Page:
This Used There: Slippery PBT-coated belts in food and beverage

Dec. 1, 2011
Across the globe, increased energy costs continue to drive plant management to conservation. On the horizon could soon be pressure to lower water consumption

Across the globe, increased energy costs continue to drive plant management to conservation. On the horizon could soon be pressure to lower water consumption as well: In the next five years it is expected that several countries will begin importing water. It's already critical to personal and corporate sustainability in many countries, and fresh water shortages have even greater impact in emerging markets.

Even so, many food and beverage plants use steady streams of soap and water lubrication to keep products smoothly gliding along on conveyors without tipping or jamming. In fact, traditional soap-and-water packaging operations use four to seven times more water in production than they produce in product.

To deliver greener operation, some power-transmission components are designed to reduce both energy and water consumption while helping customers to meet operational and environmental sustainability goals.

Consider one such set of dry-running parts — System Plast motion components (NEW GENERATION NG chain and belt, plus Nolu-S wear strips) from Emerson Industrial Automation, Florence, Ky.

These incorporate surfaces with polybutylene terephthalate (PBT) — because on the surfaces of food and beverage conveying components, the slippery material helps reduce traditional soap and water lubrication in high-speed beverage plants. This in turn lowers overall water use and soap expense while improving worker safety.

For more information, visit

Polybutylene terephthalate (poly-what?) for strength and slip

Polybutylene terephthalate (PBT) is a thermoplastic polyester on the rise in countless applications. Used for insulating electronics and industrial devices, among other things, the strong material resists solvents and heat to 150° C, or higher when reinforced. It's sold under several brands — Duranex, Impet, Riteflex — though Celanex (produced by Ticona Engineering Polymers of Celanese Corp., Florence, Ky.) and Crastin (by DuPont, Wilmington, Del.) are most widely recognized.

Consider one application of Ticona's PBT that leverages the material's hardness and heat deflection. Turkish manufacturer Elektropak supplies subcomponents to OEMs such as Rowenta, AEG, and Bosch-Siemens-Hausgeräte, and 10 years ago, replaced metal with slightly thicker PBT housings in their vacuum-cleaner engines. The new component is injection molded, saving weight and eliminating assembly. Specifically, Celanex grade 3316 is used for its ability to withstand years of hard use.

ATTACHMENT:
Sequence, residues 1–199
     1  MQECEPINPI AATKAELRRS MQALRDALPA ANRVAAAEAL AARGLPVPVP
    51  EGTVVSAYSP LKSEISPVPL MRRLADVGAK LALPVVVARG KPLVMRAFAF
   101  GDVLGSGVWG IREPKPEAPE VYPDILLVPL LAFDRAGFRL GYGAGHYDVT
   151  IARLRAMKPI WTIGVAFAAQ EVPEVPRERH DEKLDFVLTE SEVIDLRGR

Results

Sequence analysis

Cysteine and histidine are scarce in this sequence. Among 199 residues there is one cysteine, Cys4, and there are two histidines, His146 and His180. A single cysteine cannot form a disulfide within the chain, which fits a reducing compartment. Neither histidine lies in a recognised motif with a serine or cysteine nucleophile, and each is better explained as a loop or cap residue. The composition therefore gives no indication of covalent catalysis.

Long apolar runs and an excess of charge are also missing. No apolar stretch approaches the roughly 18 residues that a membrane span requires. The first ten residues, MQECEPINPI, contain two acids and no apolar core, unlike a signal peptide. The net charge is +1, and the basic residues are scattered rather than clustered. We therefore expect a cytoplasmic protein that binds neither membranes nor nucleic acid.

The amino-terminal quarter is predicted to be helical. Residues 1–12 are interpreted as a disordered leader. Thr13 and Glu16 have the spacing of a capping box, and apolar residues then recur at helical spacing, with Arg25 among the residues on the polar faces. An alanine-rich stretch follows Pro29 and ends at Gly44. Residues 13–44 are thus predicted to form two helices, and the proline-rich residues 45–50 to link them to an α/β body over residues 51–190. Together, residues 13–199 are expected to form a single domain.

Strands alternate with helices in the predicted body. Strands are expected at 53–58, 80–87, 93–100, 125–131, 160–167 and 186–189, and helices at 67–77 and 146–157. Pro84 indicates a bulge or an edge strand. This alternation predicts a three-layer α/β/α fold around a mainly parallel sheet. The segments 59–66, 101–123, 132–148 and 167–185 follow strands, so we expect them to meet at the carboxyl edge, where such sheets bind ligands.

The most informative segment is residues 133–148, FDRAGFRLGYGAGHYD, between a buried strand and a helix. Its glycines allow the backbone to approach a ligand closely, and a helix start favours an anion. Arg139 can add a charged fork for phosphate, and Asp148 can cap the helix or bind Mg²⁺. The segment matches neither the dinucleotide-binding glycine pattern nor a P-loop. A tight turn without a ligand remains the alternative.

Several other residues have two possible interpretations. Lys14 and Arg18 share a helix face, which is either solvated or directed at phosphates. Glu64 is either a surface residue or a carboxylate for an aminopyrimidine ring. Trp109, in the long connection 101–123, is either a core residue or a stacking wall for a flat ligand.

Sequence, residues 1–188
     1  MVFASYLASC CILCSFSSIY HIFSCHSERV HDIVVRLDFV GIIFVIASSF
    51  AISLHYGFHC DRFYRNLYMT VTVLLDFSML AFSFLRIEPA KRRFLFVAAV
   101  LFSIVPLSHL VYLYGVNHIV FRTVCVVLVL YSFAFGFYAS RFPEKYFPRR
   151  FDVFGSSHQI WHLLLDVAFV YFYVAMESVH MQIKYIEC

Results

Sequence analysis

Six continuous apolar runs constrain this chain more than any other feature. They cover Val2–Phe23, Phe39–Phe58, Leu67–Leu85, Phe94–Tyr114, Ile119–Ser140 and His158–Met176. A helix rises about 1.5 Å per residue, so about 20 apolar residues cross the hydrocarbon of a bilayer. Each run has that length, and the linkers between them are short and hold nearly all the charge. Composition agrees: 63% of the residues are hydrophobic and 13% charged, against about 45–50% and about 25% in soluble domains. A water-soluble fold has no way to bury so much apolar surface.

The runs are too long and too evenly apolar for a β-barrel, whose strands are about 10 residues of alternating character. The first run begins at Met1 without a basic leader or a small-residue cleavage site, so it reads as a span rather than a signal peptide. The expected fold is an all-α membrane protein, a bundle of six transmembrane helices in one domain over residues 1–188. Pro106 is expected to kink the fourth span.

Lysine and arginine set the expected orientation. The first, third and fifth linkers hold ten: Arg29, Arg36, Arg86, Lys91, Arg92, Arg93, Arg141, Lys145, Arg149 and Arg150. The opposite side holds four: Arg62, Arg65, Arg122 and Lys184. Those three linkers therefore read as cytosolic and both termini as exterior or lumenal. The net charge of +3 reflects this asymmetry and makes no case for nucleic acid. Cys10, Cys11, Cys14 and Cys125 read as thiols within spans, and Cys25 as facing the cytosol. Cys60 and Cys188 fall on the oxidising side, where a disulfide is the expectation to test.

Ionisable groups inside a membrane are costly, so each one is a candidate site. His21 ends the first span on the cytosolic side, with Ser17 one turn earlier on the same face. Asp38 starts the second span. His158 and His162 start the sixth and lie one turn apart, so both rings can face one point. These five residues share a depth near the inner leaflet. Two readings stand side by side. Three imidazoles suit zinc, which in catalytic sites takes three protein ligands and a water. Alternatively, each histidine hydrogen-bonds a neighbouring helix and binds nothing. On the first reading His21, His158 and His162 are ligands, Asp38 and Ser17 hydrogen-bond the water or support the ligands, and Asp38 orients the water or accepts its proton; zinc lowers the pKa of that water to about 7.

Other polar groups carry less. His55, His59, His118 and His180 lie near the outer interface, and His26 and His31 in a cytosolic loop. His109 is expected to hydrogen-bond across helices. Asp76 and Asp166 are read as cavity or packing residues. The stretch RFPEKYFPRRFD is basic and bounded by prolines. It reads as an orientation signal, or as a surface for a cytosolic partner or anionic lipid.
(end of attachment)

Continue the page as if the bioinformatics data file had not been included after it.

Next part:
Or consider automotive locks and windows. Electronic locks are common even in budget-level vehicles, but must meet increasingly stringent requirements for convenience, theft protection, and electronics integration. In sections incorporating gears, high mechanical stresses are also induced — necessitating housings that withstand high loads. Here, Celanex PBT 2300 GV1/30 (a 30% glass-fiber-reinforced variety) is used for its strength and stiffness.

Elsewhere, for arm and cable-operated window-lifting mechanisms driven by pancake motors, gearbox housings are often constructed of Celanex and Impet. These housings contain integrated screw domes or securing eyes to attach the motor and drive to the window lifter or door module. The housing in turn supports a self-limiting worm gear that runs on an axle either encapsulated or pressed into the housing — so must also resist lubricating greases.

What's more, the entire unit is subject to temperatures from -40° to +100° C and regular car-door slams. PBT gearbox housing rigidity and toughness withstands these abuses — plus (compared to metal housings) are lighter and less costly to manufacture.

This POSITAL ACCELENS (ACS) inclinometer (in 360° single axis or ±80° two-axis models) is designed for industrial environments with a tough fiber-reinforced PBT plastic housing. The unit withstands rough handling, prolonged UV exposure, immersion, and even high-pressure water jets (to IP69K). They are equally useful in medical equipment.

For more information, visit FRABA Inc. atfraba.comor call (609) 750-8705.

PBT in conveyors

Another application in which PBT is used is conveyor chain links. Here, chain must slide easily over underlying supports while preventing slippage of transported goods. Stiffness and strength are also essential for conveying heavy items.

The Dutch company MCC (of Rexnord, global manufacturer of conveyor chain) produces chain links in a two-component injection molding made from Celanex PBT with an integrated soft component on the surface to secure transported goods.

Individual chain segments allow assembly of conveyor belt lengths to 10 m — and eliminate manual assembly of additional soft materials, to reduce cost.

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